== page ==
First impressions can make or break a sale.

“B.J. Fogg did a groundbreaking study where he put people in front of websites and said, ‘Do you trust this site? Do you feel like this site is credible? Why or why not?’” says David Kadavy, author of Design for Hackers: Reverse Engineering Beauty.

The study found that 46% of the comments about why people trusted a site had to do with the site’s design.

“People would say things like, ‘It has this high quality look and feel,’ or, ‘It just looks more credible,’” says David. “Notice that they weren’t saying things like, ‘I really like this particular font or this particular color.’ They were able to pinpoint it to the design, but they didn’t necessarily know why.”

In other words, prospects judge you by your landing page. And the design will determine whether they’ll continue engaging with your site and eventually buy.

In his Mixergy course, David shows you simple ways to build credibility with design, even if you’re terrible at web design. Here are three highlights from the course.

1. One Color to Rule It All

Choosing colors for your site is tricky. Not only do individual colors say something to users, but so do different combinations of colors.

“Color is very complicated, and there are all sorts of different color schemes and color configurations out there that you can worry about,” says David.

And while you can spend your time learning the rules of combining colors and shades, you’re better off just picking something and getting your site up.

So how do you quickly figure out which colors to use?

Pick a color and move on

Just use one color and shades of gray.

“If you look really closely, at say the icons on your iPhone, you’ll find that most brands have one main color associated with them,” says David. “So [use] tints and shades of black or gray, whatever you’re using for text, and then have an accent color, whatever your main brand color is.”

“You have plenty of other things to worry about,” says David. “You know, if you gain confidence in alignment and all that stuff, and then you start wanting to play around with color more, cool. But if you’re starting out, keep it simple.”

2. Be Easy to Read

If your site isn’t easy to read, prospects are gonna bounce.

“This is a problem with responsive design all over the web,” says David. “I think Wikipedia has something like 50 words on a line if you bring it across a long screen. That makes it so hard to read because your eyes [follow to the end of a line], and you have to go back and find the next line. If you’re reading a long paragraph, sometimes that can be very hard.”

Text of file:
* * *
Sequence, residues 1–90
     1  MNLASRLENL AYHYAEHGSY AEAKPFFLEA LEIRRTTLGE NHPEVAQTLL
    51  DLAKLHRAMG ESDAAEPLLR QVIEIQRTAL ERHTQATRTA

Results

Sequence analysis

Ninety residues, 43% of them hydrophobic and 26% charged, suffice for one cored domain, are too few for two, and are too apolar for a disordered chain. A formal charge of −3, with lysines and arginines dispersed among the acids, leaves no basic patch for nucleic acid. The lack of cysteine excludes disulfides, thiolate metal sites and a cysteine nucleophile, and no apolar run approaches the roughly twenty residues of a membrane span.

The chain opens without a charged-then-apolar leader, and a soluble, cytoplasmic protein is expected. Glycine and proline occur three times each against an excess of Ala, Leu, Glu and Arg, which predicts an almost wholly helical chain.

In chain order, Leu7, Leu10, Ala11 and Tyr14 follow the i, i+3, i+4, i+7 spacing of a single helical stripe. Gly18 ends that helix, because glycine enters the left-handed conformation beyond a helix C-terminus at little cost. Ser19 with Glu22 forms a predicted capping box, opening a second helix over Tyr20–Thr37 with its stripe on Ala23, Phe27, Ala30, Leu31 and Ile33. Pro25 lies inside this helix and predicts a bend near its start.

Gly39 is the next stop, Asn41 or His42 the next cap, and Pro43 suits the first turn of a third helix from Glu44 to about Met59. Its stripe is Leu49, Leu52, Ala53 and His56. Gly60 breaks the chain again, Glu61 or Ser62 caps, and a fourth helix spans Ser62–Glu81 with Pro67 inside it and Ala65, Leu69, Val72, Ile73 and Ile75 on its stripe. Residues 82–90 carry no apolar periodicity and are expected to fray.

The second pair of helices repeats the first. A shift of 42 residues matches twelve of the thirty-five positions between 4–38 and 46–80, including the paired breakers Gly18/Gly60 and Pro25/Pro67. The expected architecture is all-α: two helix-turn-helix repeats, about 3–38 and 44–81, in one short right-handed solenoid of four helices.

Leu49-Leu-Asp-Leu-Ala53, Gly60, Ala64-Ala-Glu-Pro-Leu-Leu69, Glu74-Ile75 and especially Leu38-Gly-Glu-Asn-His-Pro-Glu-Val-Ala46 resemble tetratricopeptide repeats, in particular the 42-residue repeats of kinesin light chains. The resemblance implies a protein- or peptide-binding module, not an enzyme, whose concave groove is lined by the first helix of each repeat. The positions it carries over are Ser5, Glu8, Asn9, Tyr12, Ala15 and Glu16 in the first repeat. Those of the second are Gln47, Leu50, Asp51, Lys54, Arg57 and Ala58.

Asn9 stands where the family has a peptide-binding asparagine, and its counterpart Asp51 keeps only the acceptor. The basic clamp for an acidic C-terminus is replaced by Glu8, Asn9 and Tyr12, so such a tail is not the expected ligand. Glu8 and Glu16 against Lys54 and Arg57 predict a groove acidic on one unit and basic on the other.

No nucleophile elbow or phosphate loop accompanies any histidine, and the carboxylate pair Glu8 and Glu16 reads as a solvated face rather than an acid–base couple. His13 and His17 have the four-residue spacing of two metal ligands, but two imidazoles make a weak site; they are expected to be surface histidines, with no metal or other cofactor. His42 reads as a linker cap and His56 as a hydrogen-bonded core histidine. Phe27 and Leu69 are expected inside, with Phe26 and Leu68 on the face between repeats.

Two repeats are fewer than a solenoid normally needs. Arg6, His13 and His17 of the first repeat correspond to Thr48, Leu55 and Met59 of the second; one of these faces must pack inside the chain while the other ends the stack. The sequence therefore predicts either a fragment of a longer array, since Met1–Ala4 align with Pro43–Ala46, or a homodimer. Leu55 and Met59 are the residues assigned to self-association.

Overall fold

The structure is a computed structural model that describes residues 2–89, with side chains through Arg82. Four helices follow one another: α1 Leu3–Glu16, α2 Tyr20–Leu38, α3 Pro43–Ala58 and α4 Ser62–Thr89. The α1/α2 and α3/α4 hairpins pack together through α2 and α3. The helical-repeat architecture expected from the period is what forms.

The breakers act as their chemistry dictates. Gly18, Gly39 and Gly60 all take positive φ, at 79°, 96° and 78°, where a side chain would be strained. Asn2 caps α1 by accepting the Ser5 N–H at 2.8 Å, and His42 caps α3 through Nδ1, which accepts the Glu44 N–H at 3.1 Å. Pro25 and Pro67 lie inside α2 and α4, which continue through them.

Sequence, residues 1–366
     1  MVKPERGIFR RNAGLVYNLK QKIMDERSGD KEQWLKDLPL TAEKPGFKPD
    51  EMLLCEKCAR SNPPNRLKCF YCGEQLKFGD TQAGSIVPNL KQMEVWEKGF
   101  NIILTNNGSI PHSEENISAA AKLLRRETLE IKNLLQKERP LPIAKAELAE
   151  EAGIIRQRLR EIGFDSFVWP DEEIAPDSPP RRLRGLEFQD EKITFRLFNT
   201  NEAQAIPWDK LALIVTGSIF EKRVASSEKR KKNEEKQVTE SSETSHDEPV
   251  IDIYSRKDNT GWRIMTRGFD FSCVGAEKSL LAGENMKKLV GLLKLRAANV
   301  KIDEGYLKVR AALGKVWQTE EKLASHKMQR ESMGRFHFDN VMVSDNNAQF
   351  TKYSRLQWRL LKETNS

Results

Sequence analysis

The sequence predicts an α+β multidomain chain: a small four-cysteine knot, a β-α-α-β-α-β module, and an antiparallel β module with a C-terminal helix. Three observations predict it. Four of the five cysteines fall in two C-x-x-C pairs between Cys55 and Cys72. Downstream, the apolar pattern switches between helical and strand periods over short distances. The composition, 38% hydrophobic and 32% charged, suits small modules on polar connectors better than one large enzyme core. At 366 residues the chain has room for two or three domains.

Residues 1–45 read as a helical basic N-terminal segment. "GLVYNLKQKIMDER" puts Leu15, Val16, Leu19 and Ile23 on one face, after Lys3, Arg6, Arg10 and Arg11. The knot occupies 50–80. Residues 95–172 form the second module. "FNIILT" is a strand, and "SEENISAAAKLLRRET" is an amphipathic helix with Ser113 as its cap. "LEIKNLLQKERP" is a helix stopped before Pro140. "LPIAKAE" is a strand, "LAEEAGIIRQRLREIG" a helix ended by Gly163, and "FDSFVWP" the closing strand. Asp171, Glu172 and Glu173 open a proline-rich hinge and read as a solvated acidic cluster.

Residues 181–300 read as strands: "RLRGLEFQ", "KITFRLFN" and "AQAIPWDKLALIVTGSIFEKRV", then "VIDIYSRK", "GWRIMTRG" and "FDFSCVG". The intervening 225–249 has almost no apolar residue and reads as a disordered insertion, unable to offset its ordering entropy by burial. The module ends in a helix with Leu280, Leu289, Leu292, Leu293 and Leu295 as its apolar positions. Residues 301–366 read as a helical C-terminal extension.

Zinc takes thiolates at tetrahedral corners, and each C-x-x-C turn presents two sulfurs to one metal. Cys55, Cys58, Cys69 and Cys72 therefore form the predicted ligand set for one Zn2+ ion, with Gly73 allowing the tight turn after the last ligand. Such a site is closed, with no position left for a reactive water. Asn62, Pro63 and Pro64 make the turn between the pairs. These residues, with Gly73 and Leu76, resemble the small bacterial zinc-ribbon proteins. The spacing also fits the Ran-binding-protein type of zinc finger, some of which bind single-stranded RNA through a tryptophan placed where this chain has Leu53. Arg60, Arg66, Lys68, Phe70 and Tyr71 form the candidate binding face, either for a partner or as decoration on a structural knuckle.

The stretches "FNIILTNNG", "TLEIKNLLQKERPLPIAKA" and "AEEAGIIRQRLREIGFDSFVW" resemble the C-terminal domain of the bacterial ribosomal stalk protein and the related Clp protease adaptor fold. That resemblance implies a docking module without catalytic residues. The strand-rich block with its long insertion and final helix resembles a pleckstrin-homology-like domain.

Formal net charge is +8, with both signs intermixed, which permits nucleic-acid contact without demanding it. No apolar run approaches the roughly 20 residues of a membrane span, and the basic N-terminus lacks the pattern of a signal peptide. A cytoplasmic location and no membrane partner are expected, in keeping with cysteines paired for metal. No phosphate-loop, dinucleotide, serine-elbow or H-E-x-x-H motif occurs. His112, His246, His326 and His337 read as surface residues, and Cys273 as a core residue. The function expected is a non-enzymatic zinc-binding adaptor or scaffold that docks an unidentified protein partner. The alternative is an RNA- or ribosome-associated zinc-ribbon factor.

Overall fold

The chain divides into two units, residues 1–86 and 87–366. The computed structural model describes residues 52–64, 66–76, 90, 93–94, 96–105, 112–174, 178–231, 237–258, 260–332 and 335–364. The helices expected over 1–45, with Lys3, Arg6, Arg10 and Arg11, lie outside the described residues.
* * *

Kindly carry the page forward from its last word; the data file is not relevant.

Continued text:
And if a site is hard to read, they probably won’t read it at all. Or they might use reader apps like Instapaper and Pocket. “Why not just make your site readable?” says David.

So how do you make your site more reader-friendly?

Minimize eyestrain

Keep each line to eight to 15 words.

“You don’t want to have three words a line, [or] 50 words on a line,” says David. “Optimal for reading is eight to 15 words per line.”

And on David’s website, he makes sure his text stays in that range, no matter how a user configures their browser. “If you zoom in, you zoom out, if you change the browser size, it’s always going to be pretty much eight to 15 words per line.”

In fact, when David really optimized for readability, the length of time that people spent on his site doubled (more on that below).

3. Don’t Distract Them

Sometimes a site has a nice design, but there’s too much going on.

“There’s a nice font, a comfortable color scheme going on,” he says. “But then you realize, what am I supposed to be looking at here? What is it that they want me to see on this site? What’s the action that they want me to take? And then you realize how many things are competing against each other.”

And if your users have no idea which action to take, you’re not going to get the signups or sales you’re after.

So how do you steer them in the right direction?

Choose one thing

Design around a single goal, and get rid of elements that distract from that goal.

“I ultimately decided that I cared about people connecting with my content,” says David. “They get there and they’re just entranced. They just want to read what’s there. And I wanted to give them a place to do that.”

So he got rid of everything that was distracting people from reading his content. “I [quit caring] about getting RSS subscribers,” he said. “I don’t have annoying social media things up at the top. I really just cared about depth.”

As a result, David people started engaging with his content more. “The number of people who spent three minutes or more went up 27%,” he says. “The number of people who spent 30 minutes or more on my site went up 80%. These are people who come and read the article because it’s readable and there’s not all this noise there to distract them.”

Written by April Dykman.